Like much of the world right now, I have been following the news from Ukraine daily. And like so many, I am heartbroken to see the devastation there. As I scroll through headlines, however, there is a dissonant feeling lurking in the background: outrage.
I’m American, but for the past four years, I have lived in a refugee community in Turkey. The people I work with, go to church with, and buy my bread from — and the person I now share a last name and two children with — all came to Turkey as refugees from Iraq and Syria. The world has not opened its arms to them. Instead of compassion, they have received disdain. Instead of open doors, they have faced walls, bans, red tape, and even bullets. Some have risked their lives and paid hundreds or thousands of dollars to hire smugglers to get them to Europe. Others have taken their chances and gone back to their countries, but most remain in Turkey, trying to start a new life while facing discrimination, exploitation, and hardship.
I have read heartwarming stories of civilians in Hungary greeting Ukrainian refugees with smiles and hot meals. In Poland, a celebrity chef volunteered to distribute meals at the border. “Obviously all the people of Poland, like all the people of the world, are Ukrainians right now,” he said. By contrast, in 2016, when the refugees in question were largely from Middle Eastern countries, a poll showed Hungary and Poland had the highest number of people who believed refugees would increase the likelihood of terrorism in their country. In 2018, 54% of Hungarians said they would oppose taking in refugees fleeing violence and war.
This narrative is playing out all across Europe. Greece has offered one-year protection status to Ukrainians and even offered them job opportunities in the tourism sector. When boats of Syrians arrived on Greece’s shores in 2013, they were simply turned away, sometimes with fatal results. And this contradiction is not just limited to Europe. When I log onto my social media and see my American friends’ posts, it’s a wash of yellow and blue, “pray for Ukraine” banners and messages about practical ways to help from the States. I don’t remember seeing any of this when Syria’s totalitarian government — backed by the very same Russia — began killing its own civilians in 2011.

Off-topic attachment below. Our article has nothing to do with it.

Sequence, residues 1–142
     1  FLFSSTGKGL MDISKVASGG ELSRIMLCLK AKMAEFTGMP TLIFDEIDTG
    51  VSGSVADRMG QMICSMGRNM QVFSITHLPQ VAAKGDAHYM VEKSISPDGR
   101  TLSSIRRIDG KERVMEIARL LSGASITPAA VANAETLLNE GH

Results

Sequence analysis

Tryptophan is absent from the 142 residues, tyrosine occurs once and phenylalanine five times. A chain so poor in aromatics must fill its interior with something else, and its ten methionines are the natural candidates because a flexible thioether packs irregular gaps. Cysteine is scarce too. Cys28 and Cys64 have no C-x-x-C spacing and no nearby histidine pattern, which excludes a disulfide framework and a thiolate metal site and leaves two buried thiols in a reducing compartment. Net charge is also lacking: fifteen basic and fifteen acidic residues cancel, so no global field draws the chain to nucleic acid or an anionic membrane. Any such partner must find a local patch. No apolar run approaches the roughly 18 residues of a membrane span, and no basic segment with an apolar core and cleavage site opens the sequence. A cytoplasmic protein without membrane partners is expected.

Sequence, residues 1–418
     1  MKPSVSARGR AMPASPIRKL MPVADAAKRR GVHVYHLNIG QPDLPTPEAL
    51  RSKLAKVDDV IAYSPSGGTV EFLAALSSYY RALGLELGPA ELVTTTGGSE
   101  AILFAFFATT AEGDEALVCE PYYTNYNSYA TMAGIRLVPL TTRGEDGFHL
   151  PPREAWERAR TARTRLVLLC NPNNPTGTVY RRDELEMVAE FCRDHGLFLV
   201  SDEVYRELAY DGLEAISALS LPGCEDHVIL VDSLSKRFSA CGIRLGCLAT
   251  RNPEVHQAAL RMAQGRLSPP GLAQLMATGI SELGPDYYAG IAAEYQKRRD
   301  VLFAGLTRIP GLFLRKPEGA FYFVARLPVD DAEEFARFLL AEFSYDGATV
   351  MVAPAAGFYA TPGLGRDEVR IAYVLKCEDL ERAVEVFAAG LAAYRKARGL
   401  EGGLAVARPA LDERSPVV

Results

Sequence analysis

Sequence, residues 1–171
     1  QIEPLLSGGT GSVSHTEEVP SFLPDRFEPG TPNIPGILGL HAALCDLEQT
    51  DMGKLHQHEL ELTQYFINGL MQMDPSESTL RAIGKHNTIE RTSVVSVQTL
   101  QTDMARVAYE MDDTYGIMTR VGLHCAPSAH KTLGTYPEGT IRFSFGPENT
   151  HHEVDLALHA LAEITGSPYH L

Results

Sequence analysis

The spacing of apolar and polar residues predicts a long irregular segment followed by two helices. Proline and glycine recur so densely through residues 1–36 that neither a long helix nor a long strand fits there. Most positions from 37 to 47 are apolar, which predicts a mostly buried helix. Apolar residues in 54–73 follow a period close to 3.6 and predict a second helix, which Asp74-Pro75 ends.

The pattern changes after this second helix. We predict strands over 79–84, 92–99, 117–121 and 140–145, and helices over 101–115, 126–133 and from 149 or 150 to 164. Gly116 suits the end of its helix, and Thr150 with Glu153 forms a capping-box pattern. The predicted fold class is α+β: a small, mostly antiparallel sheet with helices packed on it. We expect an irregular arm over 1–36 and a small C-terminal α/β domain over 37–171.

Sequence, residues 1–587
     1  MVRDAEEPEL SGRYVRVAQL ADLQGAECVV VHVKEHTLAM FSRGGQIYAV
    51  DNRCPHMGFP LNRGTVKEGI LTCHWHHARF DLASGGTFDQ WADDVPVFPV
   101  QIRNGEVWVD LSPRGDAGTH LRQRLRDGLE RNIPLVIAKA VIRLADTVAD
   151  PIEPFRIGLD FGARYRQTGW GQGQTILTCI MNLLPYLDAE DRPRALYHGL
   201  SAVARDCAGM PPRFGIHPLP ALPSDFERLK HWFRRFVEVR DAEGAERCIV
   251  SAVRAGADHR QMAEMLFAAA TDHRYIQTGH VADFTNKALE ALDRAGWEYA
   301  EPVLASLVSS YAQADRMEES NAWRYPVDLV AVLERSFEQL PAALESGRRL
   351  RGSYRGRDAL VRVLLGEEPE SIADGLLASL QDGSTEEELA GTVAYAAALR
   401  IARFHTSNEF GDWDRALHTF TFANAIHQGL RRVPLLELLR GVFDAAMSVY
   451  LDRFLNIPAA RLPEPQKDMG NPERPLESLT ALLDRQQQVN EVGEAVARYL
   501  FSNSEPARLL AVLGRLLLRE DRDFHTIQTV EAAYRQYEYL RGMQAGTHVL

It seems with Ukraine the Western world now magically understands the truth about refugees: Refugees are the ones fleeing violence and war, not the ones perpetuating it.
The speed and depth of the response to Ukrainian refugees that I’m seeing illustrates how previous arguments about resource scarcity and security concerns were just veils for racism and Islamophobia. The tools for welcoming refugees have been there all along, yet we have not seen this kind of widespread empathy and compassion for refugees until those refugees were European, Christian and, largely, white. It seems with Ukraine the Western world now magically understands the truth about refugees: Refugees are the ones fleeing violence and war, not the ones perpetuating it. They are not inherently dangerous or threatening. Anyone could be a refugee; and that includes you and me.
As it turns out, it’s not refugees that people reject. It’s Middle Eastern refugees. It’s dark-skinned refugees. It’s Muslim refugees.